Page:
The Difference in Microblading and Tattoos
Until the recent invention of microblading, the only effective option women had who had lost their eyebrows, was either to draw their brows on each morning, or to get an eyebrow tattoo. Tattoos are a permanent application of pigment under the skin, and this approach had many drawbacks for the brow area. Firstly, the pigment created a solid area of color. It looked like brow powder, rather than actual hairs. Secondly, because tattoo pigments are permanent, the color would gradually fade over time, but not disappear. As the color faded, it would tend to turn to an underlying tone (most frequently, blue/gray, and sometimes, red, green or gold). So, the client was left with a permanent shape of an artificial looking color under their brow area.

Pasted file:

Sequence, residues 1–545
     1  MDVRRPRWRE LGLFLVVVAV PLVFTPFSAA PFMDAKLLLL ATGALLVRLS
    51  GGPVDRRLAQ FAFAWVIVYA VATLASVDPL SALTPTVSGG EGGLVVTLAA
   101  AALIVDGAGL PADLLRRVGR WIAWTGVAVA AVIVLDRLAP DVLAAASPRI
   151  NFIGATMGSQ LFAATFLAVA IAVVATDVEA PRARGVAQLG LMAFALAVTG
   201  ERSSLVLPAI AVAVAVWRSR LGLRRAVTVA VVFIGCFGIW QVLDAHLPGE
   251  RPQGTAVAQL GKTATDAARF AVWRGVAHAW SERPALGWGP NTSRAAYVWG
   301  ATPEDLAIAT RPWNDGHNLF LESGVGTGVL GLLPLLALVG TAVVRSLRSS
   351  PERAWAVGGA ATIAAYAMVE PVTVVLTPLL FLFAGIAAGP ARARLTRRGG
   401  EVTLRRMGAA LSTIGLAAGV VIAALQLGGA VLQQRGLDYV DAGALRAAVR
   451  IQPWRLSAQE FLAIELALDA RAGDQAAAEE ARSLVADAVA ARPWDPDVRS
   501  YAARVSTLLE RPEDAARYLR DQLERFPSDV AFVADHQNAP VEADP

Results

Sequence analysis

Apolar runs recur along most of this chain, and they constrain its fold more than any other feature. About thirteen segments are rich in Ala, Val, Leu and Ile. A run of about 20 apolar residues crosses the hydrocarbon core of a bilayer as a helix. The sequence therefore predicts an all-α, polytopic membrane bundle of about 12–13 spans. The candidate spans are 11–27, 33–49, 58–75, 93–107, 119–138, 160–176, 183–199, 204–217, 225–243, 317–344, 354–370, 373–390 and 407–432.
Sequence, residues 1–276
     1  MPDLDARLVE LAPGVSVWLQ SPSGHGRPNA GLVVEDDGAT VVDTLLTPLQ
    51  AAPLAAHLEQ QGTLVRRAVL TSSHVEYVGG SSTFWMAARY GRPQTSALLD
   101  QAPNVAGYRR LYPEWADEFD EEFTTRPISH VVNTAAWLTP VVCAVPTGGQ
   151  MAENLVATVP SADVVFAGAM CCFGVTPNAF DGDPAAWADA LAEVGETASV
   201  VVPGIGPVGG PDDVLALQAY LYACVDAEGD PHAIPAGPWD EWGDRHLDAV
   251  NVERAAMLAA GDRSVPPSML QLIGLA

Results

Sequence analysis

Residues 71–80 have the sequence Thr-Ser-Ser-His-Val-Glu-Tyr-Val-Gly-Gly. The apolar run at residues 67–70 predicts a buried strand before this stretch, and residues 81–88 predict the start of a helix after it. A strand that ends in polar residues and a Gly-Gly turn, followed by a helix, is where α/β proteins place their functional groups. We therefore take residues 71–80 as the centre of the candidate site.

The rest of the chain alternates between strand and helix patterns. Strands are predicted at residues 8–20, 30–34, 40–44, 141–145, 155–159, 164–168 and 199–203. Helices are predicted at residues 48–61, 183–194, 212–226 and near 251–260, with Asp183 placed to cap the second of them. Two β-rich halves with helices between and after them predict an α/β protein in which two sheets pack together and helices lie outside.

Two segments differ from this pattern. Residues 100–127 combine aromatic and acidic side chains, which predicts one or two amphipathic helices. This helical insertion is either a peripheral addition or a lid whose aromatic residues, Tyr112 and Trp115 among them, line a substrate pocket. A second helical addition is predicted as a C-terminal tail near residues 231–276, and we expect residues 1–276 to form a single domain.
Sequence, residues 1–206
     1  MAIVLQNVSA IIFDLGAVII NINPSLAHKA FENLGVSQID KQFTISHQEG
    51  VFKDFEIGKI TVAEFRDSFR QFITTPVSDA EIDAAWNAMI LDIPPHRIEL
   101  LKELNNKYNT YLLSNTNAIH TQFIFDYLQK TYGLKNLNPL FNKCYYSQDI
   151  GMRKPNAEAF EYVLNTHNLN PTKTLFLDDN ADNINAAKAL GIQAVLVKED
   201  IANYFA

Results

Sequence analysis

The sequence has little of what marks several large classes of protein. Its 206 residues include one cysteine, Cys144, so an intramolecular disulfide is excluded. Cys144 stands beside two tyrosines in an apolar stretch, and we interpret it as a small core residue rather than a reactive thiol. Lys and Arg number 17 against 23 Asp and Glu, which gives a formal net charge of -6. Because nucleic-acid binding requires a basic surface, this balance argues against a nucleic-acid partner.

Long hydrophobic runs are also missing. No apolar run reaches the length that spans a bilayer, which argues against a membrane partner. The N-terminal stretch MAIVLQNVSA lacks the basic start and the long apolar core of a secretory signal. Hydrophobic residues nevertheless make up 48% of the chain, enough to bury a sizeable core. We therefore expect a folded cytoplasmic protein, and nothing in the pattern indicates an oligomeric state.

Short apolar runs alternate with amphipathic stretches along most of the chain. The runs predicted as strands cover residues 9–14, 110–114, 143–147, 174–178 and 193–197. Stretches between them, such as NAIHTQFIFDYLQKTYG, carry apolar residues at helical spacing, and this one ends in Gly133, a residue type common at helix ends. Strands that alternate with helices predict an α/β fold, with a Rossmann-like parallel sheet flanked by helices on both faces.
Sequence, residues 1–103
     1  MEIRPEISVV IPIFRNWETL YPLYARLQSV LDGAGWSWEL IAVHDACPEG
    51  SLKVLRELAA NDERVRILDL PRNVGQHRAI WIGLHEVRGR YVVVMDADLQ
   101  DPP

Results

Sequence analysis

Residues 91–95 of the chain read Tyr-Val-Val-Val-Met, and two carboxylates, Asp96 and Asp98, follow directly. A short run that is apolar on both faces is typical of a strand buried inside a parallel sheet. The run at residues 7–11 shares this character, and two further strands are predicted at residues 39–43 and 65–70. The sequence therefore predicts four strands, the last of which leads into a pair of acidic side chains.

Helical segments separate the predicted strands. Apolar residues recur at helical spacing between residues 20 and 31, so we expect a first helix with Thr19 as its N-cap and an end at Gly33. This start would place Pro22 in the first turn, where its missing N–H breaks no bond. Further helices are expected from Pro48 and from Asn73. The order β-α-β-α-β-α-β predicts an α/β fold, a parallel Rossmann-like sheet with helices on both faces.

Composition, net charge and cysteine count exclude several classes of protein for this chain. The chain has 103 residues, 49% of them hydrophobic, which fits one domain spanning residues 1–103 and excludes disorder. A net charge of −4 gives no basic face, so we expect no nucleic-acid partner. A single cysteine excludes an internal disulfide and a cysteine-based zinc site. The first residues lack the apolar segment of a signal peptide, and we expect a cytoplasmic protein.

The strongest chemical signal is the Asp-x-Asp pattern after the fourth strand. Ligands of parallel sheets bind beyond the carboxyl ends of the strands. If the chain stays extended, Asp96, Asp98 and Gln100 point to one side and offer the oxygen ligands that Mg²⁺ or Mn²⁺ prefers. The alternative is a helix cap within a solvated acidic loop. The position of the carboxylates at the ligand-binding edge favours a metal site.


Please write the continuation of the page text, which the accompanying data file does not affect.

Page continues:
Microblading has revolutionized the permanent makeup industry by introducing a technique that lets the artist apply the pigment just under the epidermis (the top layers of the skin) but not under the dermis (the lower layers, where the skin cells are produced). The pigment will be visible, through the transparent top layers of skin, but will gradually shed away as the cells naturally turn over.
This means that the pigment will gradually fade away, rather than fading to shades of blue, green, or red. An annual touch-up allows the artist to re-apply the desired color, to keep the tone correct.
The microblading pen also allows the artist to apply the pigment in fine strokes, that resemble the shape of eyebrow hairs.